Type II or juvenile GM1-gangliosidosis is an autosomal recessive lysosomal storage disorder, which is clinically distinct from infantile form of the disease by the lack of characteristic cherry-red spot and hepatosplenomegaly. The disease is characterized by slowly progressive neurodegeneration and mild skeletal changes. Due to the later age of onset and uncharacteristic presentation, diagnosis is frequently puzzled with other ataxic and purely neurological disorders. Up to now, 3-4 types of GM1-gangliosidosis have been reported and among them type I is the most common phenotype with the age of onset around 6 months. Various forms of GM1-gangliosidosis are caused by GLB1 gene mutations but severity of the disease and age of onset are directly related to the position and the nature of deleterious mutations. However, due to its unique genetic cause and overlapping clinical features, some researchers believe that GM1 gangliosidosis represents an overlapped disease spectrum instead of four distinct types.

The Prime Diabetes Model: Novel Methods for Estimating Long-Term Clinical and Cost Outcomes in Type 1 Diabetes Mellitus.

Recent publications describing long-term follow-up from landmark trials and diabetes registries represent an opportunity to revisit modeling options in type 1 diabetes mellitus (T1DM).

Mortality from Amyotrophic Lateral Sclerosis and Parkinson's Disease Among Different Occupation Groups - United States, 1985-2011.

Amyotrophic lateral sclerosis (ALS) and Parkinson's disease, both progressive neurodegenerative diseases, affect >1 million Americans (1,2). Consistently reported risk factors for ALS include increasing age, male sex, and cigarette smoking (1); risk factors for Parkinson's disease include increasing age, male sex, and pesticide exposure, whereas cigarette smoking and caffeine consumption are inversely associated (2). Relative to cancer or respiratory diseases, the role of occupation in neurologic diseases is much less studied and less well understood (3). CDC evaluated associations between usual occupation and ALS and Parkinson's disease mortality using data from CDC's National Institute for Occupational Safety and Health (NIOSH) National Occupational Mortality Surveillance (NOMS), a population-based surveillance system that includes approximately 12.1 million deaths from 30 U.S. states.* Associations were estimated using proportionate mortality ratios (PMRs), standardizing indirectly by age, sex, race, and calendar year to the standard population of all NOMS deaths with occupation information. Occupations associated with higher socioeconomic status (SES) had elevated ALS and Parkinson's disease mortality. The shifts in the U.S. workforce toward older ages and higher SES occupations(†) highlight the importance of understanding this finding, which will require studies with designs that provide evidence for causality, detailed exposure assessment, and adjustment for additional potential confounders.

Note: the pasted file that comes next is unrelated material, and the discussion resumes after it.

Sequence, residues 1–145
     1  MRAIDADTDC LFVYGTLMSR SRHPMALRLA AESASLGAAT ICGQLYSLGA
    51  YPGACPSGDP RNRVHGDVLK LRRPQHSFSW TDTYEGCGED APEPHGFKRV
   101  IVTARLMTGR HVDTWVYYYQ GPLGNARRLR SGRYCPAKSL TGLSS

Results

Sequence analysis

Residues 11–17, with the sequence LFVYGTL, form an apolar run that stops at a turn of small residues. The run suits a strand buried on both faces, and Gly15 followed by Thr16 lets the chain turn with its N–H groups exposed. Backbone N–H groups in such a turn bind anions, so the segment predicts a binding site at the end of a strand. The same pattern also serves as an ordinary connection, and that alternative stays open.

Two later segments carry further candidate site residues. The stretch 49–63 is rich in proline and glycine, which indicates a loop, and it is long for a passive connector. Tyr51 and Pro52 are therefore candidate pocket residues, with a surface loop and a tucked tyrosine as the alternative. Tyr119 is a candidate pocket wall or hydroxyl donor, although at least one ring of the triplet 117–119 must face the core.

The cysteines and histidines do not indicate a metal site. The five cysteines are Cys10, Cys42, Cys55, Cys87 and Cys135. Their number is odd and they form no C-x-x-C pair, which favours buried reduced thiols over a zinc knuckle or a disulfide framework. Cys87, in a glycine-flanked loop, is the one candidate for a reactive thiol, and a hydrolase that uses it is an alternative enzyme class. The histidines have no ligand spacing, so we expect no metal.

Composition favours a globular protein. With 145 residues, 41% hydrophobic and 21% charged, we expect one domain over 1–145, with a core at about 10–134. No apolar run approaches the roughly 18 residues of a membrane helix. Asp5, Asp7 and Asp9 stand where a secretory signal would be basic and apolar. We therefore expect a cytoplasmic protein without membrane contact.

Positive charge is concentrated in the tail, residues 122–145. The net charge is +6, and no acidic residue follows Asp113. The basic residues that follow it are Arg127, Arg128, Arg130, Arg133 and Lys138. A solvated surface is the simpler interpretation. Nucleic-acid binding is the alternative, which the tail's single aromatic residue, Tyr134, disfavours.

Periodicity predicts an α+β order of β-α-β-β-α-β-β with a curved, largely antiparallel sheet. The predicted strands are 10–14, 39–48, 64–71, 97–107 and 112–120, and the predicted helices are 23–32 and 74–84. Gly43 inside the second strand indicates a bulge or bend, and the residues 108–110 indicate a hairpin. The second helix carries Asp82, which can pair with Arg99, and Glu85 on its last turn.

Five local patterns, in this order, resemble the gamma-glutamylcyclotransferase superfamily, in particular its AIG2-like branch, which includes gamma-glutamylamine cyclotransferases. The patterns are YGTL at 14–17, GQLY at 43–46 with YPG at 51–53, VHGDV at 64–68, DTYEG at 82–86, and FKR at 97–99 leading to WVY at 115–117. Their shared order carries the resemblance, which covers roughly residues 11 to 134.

Adaptation of the By-Band randomized clinical trial to By-Band-Sleeve to include a new intervention and maintain relevance of the study to practice.

Recruitment into surgical RCTs can be threatened if new interventions available outside the trial compete with those being evaluated. Adapting the trial to include the new intervention may overcome this issue, yet this is not often done in surgery. This paper describes the challenges, rationale and methods for adapting an RCT to include a new intervention.

Relationship Between Myocardial Function, Body Mass Index, and Outcome After ST-Segment-Elevation Myocardial Infarction.

Better survival for overweight and obese patients after ST-segment-elevation myocardial infarction (STEMI) has been demonstrated. The association between body mass index (BMI), outcome, and left ventricular (LV) structure and function after STEMI, including LV longitudinal strain (global longitudinal strain), was evaluated.